The Northen Lights of Mars

How I wish I could see those.

I wish I could see the ones on Earth! I’m sure they have to pop down again to Northern Illinois eventually.

First Earth’s version for me, then Mars.

How incredibly cool. :cool:

They should–My mother saw auroras once in a while while growing up in Milwaukee. It’s only 90 more miles.

They pop down to Northern Illinois more often than you might think! If you want, I can give you several links and pointers on how to watch for that possibility online (if you don’t already have the info).

Well, I know about spaceweather…I don’t subscribe to their spaceweatherPHONE–do you? What else can I watch for?

Spaceweather is a good site, but there are a couple more links that I use. I’m not at my normal computer right now, and don’t remember the links - I’ll get those to you in a day or so.

Omigosh! I can’t believe I let this slip so long, and I am sorry!

First off, don’t know if you’ve done a search, but there was a thread on this a while back (don’t post to it, please!): http://boards.straightdope.com/sdmb/showthread.php?t=187208

The other sites I visit to watch for aurora are:

United States Aurora Activity (shows you the auroral oval… see how it tends to dip down?), The Solar and Heliospheric Observatory (when I know there’s a large sunspot and/or there’s been a solar flare, I like to go to this site and watch the ‘movies’), and Today’s Space Weather. [ul]
[li]Spaceweather - I look at for the Solar Wind to be high and dense, for Solar Flares to be in the ‘X’ category, and for the Interplanetary Mag. Field to be pointing south (higher numbers have a better possibility). [/li][li]SOHO - I look at the LASCO images, and from that page, I am especially interested in the real time images of the sun. They take the images and make mini movies of them. If there’s been a decent sized solar flare, I’ll watch for what’s called a CME, or Coronal Mass Ejection. It looks like a ring racing from the sun. A full CME from an X class solar flare has strong possibilities for generating a magnetic storm. There are also great links there that explain a lot about the aurorae.[/li][li]Today’s Space Weather - I know there’s a Kp index on the SOHO site, but I’ve been going to this site for a long time, and I find the graph easier to read. I look for a Kp index of 6 or greater.[/li][li]U.S. Aurora Activity - And the SOHO site has this as well, but again, I’ve been using this site for a long time. You can see where the oval drops down heavily over the U.S. - especially the Midwest. What I look for here - usually around local midnight (indicated by the red arrow) is for the yellow, orange or red activity to dip down to the top of Indiana/Illinois. This means (for me) that I can generally see some kind of activity low on the northern horizon. If it dips down further, then the display is generally higher in the sky. The display is usually refreshed every ten minutes - every once in a while it is refreshed sooner.[/li][/ul]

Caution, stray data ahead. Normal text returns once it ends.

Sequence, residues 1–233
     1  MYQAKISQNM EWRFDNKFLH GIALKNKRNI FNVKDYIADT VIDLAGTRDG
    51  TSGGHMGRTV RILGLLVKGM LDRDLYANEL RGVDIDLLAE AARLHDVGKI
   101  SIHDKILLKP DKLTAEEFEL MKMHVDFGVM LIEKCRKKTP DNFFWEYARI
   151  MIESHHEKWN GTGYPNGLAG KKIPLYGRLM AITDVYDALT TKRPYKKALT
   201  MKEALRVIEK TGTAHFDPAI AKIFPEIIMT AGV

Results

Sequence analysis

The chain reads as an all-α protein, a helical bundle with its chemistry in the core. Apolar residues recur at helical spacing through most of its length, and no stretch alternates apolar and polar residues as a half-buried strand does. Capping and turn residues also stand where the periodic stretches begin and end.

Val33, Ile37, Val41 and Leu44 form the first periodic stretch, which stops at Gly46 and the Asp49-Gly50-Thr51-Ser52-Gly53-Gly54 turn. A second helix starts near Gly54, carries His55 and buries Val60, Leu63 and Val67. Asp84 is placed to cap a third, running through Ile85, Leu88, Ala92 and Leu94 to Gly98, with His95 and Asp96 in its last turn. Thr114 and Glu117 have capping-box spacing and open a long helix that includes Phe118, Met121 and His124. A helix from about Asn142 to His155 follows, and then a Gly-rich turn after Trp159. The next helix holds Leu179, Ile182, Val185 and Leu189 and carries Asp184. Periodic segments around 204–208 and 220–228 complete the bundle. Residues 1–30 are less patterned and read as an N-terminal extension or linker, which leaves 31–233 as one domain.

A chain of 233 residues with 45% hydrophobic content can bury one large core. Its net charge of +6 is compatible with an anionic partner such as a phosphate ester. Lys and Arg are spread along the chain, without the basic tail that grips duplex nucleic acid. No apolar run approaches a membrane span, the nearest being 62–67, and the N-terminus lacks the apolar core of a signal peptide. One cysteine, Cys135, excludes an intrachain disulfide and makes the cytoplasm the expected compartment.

I need to add that 1) I live in West Central Indiana and 2) I live out in the country away from a lot of the light pollution. Having said all of this, I have had the pleasure and joy of seeing several auroral displays.

Keep looking!

Excellent, thanks!